Evaluating glucose and xylose as cosubstrates for lipid accumulation and γ-linolenic acid biosynthesis of Thamnidium elegans
Seraphim Papanikolaou, Laboratory of Food Microbiology and Biotechnology, Department of Food Science and Technology, Agricultural University of Athens, Iera Odos 75, Athens 11855, Greece. E-mail: firstname.lastname@example.org
To study the biotechnological production of lipids containing rich amounts of the medically and nutritionally important γ-linolenic acid (GLA), during cultivation of the Zygomycetes Thamnidium elegans, on mixtures of glucose and xylose, abundant sugars of lignocellulosic biomass.
Methods and Results
Glucose and xylose were utilized as carbon sources, solely or in mixtures, under nitrogen-limited conditions, in batch-flask or bioreactor cultures. On glucose, T. elegans produced 31·9 g l−1 of biomass containing 15·0 g l−1 lipid with significantly high GLA content (1014 mg l−1). Xylose was proved to be an adequate substrate for growth and lipid production. Additionally, xylitol secretion occurred when xylose was utilized as carbon source, solely or in mixtures with glucose. Batch-bioreactor trials on glucose yielded satisfactory lipid production, with rapid substrate consumption rates. Analysis of intracellular lipids showed that the highest GLA content was observed in early stationary growth phase, while the phospholipid fraction was the most unsaturated fraction of T. elegans.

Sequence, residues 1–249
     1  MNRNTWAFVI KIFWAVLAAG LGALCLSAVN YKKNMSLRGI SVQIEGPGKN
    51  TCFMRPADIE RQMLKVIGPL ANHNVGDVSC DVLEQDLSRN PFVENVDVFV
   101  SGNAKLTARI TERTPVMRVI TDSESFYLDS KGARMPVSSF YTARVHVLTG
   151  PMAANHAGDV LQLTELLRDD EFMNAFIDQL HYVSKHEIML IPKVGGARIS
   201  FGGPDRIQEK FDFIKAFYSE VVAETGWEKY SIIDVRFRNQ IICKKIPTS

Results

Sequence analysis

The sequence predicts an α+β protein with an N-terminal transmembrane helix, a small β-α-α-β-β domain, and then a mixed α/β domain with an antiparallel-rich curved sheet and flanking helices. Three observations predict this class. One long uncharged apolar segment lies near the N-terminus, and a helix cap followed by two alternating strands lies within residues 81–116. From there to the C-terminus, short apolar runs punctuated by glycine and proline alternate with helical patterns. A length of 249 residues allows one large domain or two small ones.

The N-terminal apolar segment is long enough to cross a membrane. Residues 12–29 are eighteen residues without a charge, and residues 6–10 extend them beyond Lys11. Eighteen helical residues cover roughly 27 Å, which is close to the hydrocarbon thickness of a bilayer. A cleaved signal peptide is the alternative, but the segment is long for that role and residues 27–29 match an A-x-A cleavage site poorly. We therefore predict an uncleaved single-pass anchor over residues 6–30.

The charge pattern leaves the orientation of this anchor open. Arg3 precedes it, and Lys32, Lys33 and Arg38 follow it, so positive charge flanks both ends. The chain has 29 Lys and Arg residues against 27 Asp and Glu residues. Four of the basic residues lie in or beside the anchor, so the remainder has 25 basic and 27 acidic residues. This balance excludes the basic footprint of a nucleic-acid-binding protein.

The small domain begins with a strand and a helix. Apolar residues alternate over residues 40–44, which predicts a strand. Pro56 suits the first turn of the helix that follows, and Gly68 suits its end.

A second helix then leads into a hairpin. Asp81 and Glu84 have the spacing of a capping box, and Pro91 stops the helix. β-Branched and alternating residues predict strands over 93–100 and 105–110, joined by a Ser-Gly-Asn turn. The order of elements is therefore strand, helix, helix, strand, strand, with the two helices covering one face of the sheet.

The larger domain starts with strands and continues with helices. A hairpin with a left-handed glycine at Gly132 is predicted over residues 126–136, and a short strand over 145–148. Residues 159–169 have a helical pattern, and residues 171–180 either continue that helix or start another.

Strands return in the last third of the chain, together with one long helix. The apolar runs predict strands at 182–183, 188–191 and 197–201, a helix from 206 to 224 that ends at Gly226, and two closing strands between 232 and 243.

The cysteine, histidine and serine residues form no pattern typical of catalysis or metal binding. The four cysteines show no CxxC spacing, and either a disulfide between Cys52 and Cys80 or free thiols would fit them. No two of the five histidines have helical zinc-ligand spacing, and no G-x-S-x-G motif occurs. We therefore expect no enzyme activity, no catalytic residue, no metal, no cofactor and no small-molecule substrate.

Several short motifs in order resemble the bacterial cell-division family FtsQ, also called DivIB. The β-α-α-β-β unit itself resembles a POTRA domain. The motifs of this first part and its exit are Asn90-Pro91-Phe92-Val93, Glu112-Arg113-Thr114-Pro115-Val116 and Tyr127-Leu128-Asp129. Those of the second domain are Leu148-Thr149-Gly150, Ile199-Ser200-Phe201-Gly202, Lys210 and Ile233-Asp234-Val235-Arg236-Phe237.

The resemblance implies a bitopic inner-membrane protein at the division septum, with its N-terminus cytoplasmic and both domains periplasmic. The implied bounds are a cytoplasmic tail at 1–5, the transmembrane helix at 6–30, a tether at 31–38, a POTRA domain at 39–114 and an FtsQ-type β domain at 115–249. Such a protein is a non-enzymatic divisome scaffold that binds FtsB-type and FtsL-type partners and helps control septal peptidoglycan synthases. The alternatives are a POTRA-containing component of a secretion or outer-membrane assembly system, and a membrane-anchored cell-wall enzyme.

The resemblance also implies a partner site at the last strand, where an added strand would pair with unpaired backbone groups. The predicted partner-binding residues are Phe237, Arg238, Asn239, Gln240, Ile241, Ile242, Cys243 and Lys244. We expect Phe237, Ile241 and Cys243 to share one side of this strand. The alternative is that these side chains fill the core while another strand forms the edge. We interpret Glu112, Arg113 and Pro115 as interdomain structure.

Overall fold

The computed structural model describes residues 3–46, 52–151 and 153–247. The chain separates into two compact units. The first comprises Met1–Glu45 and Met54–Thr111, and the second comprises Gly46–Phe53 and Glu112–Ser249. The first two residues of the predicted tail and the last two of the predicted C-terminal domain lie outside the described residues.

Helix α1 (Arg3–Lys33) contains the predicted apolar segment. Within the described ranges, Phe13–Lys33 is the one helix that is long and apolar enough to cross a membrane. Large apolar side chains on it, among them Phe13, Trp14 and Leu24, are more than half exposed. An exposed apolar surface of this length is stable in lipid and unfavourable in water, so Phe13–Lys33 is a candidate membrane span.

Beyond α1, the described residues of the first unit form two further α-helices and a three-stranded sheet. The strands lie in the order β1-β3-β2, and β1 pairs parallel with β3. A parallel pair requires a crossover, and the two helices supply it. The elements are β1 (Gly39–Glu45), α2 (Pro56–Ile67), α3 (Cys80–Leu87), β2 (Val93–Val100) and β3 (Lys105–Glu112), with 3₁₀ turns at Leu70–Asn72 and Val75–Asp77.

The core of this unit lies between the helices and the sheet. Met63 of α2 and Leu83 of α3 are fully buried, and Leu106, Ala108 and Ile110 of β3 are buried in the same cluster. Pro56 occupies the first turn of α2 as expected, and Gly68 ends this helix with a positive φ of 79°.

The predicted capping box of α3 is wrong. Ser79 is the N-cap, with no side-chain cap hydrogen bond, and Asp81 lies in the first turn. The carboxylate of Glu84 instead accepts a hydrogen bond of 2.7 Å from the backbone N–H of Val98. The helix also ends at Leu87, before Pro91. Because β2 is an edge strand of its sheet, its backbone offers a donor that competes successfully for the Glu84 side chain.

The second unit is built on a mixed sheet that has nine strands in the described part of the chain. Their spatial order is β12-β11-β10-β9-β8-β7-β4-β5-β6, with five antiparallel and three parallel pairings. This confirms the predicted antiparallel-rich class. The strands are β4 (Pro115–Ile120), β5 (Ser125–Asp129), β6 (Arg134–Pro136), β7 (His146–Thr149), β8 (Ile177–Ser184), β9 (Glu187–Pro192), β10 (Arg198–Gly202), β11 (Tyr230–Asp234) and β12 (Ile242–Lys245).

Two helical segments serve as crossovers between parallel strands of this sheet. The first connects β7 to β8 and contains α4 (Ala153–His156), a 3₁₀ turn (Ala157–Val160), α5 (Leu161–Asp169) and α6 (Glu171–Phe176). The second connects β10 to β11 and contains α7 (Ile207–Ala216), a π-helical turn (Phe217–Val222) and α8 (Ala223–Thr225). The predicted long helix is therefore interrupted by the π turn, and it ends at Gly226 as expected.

Thamnidium elegans represents a promising fungus for the successful valorization of sugar-based lignocellulosic residues into microbial lipids of high nutritional and pharmaceutical interest.
Significance and Impact of the Study
Xylitol production and cultivation in bioreactor trials is reported for the first time for T. elegans, while cultivation on xylose-based media resulted in high GLA production by this fungus.